The silage season has kicked into gear with farmers taking advantage of the good weather to make the coming winter’s feed.

But, research shows that the feeding value will be linked to the quality of the grass and the steps taken during mowing, wilting and preserving.


1. Cutting date impacts on quality

Teagasc research shows that the feeding value of silage is linked to the amount of leaf and stem present in the sward.

It shows that delayed cutting has a negative impact on the silage quality, as the Dry Matter Digestibility declines by 2.5-3 units for every week delay in harvest between late May and mid June.

It advises farmers to monitor the growth of the sward during May and June and to mow when seed heads start to emerge from the grass.

The quality of silage needed will vary, it shows, as finishing cattle will require a silage DMD of 72% or greater, while 65% DMD silage is fine for spring calving suckler cows.

perennial ryegrass

2. Grass sugar levels

The sugar content of the grass is important to ensure the silage crops are preserved properly, according to Teagasc research.

It says that the sugar content of the grass is more important that the Nitrogen content, as the crop will preserve easily if the sugar content of the grass is 3% or higher.

The sugars are highest in grass on bright sunny days with cool nights, it shows and if a crop is low in sugar it can be resolved by wilting, adding molasses or acid.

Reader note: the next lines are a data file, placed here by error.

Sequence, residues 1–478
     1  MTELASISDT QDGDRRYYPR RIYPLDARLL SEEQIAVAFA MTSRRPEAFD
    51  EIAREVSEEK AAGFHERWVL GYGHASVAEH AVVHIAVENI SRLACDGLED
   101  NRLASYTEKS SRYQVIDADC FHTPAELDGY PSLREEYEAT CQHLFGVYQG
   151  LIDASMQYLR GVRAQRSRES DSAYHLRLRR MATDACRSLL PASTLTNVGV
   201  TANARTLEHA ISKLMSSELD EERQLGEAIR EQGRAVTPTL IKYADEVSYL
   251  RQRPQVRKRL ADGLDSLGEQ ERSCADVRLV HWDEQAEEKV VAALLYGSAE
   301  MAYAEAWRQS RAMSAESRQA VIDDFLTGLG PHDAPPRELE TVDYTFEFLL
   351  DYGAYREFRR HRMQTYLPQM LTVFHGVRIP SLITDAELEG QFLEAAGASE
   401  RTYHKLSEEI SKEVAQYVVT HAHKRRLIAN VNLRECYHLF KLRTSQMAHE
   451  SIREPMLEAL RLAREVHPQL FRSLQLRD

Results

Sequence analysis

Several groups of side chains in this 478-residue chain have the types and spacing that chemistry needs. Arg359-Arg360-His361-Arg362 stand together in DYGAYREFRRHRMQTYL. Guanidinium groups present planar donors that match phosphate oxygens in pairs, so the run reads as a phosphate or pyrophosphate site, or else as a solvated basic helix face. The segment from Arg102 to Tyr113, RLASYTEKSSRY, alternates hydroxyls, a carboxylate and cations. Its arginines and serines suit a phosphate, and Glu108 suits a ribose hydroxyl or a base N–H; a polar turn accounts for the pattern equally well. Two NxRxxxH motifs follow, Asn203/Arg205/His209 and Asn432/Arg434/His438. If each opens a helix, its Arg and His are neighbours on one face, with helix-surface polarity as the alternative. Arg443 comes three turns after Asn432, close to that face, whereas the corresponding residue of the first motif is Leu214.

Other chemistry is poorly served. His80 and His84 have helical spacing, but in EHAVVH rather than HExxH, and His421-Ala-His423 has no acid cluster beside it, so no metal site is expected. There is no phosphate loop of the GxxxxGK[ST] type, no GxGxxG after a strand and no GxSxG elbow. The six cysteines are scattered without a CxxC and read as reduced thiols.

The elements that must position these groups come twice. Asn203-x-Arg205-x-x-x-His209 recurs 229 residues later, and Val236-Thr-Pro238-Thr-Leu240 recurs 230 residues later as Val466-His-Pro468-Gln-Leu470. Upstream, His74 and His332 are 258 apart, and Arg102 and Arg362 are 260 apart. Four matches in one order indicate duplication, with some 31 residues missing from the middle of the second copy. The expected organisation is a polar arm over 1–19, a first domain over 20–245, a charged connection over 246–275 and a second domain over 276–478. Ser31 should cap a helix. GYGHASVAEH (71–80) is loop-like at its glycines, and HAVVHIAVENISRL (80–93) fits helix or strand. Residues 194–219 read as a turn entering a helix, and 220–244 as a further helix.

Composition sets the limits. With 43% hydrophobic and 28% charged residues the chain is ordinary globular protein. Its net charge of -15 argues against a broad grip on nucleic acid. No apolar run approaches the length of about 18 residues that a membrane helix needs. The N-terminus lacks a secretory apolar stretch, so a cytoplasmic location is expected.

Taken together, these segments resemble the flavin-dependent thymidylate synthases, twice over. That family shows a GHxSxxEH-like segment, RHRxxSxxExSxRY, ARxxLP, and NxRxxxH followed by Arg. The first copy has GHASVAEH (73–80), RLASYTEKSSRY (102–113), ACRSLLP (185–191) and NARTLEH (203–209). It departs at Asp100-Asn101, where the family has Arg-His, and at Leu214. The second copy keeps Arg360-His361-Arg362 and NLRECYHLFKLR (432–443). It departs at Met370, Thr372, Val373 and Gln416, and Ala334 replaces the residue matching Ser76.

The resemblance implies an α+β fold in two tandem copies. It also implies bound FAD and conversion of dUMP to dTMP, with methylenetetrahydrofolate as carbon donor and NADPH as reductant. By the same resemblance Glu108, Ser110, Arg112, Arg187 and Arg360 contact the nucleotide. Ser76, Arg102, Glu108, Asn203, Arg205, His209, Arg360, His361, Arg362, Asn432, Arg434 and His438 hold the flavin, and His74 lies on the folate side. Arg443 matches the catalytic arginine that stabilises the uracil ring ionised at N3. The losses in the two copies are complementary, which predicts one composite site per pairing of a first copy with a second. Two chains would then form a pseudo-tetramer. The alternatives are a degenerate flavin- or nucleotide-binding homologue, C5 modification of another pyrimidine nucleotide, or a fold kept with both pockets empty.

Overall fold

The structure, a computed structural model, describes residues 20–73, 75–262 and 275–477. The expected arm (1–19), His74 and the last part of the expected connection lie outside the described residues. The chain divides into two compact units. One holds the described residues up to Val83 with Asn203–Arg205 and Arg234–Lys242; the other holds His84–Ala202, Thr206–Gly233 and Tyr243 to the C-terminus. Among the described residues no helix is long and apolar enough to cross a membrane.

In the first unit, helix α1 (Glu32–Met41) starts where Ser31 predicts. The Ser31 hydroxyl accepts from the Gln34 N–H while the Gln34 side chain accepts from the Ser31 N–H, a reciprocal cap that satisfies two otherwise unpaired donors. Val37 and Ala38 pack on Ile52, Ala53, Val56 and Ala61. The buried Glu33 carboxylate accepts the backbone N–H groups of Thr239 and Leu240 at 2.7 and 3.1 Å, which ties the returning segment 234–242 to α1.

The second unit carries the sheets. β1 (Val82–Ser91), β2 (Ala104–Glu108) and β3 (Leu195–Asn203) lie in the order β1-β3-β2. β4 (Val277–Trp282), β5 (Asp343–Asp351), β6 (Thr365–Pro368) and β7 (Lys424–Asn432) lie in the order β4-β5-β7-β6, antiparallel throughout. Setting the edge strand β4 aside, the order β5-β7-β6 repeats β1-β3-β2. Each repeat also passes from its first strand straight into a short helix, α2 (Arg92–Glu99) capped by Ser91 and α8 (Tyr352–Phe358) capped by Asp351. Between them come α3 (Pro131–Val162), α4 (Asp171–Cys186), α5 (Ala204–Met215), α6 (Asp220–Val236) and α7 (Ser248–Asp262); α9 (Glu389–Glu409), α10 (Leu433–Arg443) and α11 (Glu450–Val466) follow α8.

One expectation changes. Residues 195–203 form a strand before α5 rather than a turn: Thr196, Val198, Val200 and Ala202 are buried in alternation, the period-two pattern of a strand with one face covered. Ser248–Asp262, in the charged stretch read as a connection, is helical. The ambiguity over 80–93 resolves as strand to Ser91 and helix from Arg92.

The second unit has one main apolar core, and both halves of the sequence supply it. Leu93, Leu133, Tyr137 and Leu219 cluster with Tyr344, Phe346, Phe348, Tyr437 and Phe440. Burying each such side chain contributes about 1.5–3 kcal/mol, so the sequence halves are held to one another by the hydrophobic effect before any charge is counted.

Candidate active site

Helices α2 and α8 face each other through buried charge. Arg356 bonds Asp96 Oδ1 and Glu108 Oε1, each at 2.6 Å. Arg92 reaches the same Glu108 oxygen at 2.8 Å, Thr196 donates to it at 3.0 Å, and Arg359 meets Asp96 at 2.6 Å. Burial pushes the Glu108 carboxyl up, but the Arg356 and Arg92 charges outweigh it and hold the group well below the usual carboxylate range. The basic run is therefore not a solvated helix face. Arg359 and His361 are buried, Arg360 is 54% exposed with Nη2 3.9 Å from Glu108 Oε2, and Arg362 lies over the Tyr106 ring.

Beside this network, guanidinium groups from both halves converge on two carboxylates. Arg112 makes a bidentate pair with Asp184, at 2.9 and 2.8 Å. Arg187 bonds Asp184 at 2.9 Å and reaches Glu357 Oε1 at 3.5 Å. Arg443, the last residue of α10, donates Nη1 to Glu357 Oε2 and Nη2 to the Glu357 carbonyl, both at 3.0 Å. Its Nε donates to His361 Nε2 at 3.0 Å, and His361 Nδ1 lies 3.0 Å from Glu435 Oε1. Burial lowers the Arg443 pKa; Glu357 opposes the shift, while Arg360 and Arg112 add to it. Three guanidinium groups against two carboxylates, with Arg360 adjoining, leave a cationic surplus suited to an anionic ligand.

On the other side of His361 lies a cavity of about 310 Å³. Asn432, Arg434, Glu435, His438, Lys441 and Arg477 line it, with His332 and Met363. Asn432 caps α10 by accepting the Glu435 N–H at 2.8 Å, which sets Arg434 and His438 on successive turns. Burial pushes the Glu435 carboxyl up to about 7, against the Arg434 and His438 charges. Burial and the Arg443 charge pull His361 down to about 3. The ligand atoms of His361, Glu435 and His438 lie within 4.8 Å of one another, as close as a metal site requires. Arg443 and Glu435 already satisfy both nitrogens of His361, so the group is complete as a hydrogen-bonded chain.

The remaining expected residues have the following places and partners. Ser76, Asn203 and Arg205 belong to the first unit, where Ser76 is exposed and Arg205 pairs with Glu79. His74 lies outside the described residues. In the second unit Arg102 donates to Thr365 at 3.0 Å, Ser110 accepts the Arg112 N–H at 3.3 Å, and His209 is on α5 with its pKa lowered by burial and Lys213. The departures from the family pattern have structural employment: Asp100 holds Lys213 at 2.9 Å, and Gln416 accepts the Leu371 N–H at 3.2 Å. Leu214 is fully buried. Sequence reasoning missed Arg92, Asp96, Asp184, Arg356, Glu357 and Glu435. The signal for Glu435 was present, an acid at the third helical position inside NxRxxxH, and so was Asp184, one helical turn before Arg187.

3. Mowing

Farmers should only mow grass for silage if the weather allows for harvesting and ensiling to be completed, it advises.

The best time to mow grass for silage is when the grass is dry after the morning dew has gone of the grass.

This is because it is easier to dry the dew of a standing grass crop.

Farmers should also avoid soil contamination of the silage, because this can result in poor preservation and reduced feed quality.


4. The importance of wilting

Wilting the grass makes the sugars more concentrated in the grass, it says, which makes it easier to preserve the crop.

Ideally crops should be wilted for 24-36 hours prior to bailing or putting it in the pit, however, this can be challenging in broken weather conditions.

Teagasc advises farmers to wilt their silage to a dry matter of 30% when bailing and 25% for pit, drying it more than 30% will not give any improvement in animal performance.

Lely Hibiscus 715 CD Tedder

Sealing the pit

The pit needs to be filled and sealed quickly to ensure that the harvested crop is kept free from air to aid preservation, it says.

It also advises farmers to pay particular attention to compacting the pit and it suggests that farmers should ask the contractor to roll the pit well to help remove air, which helps to preserve the silage.

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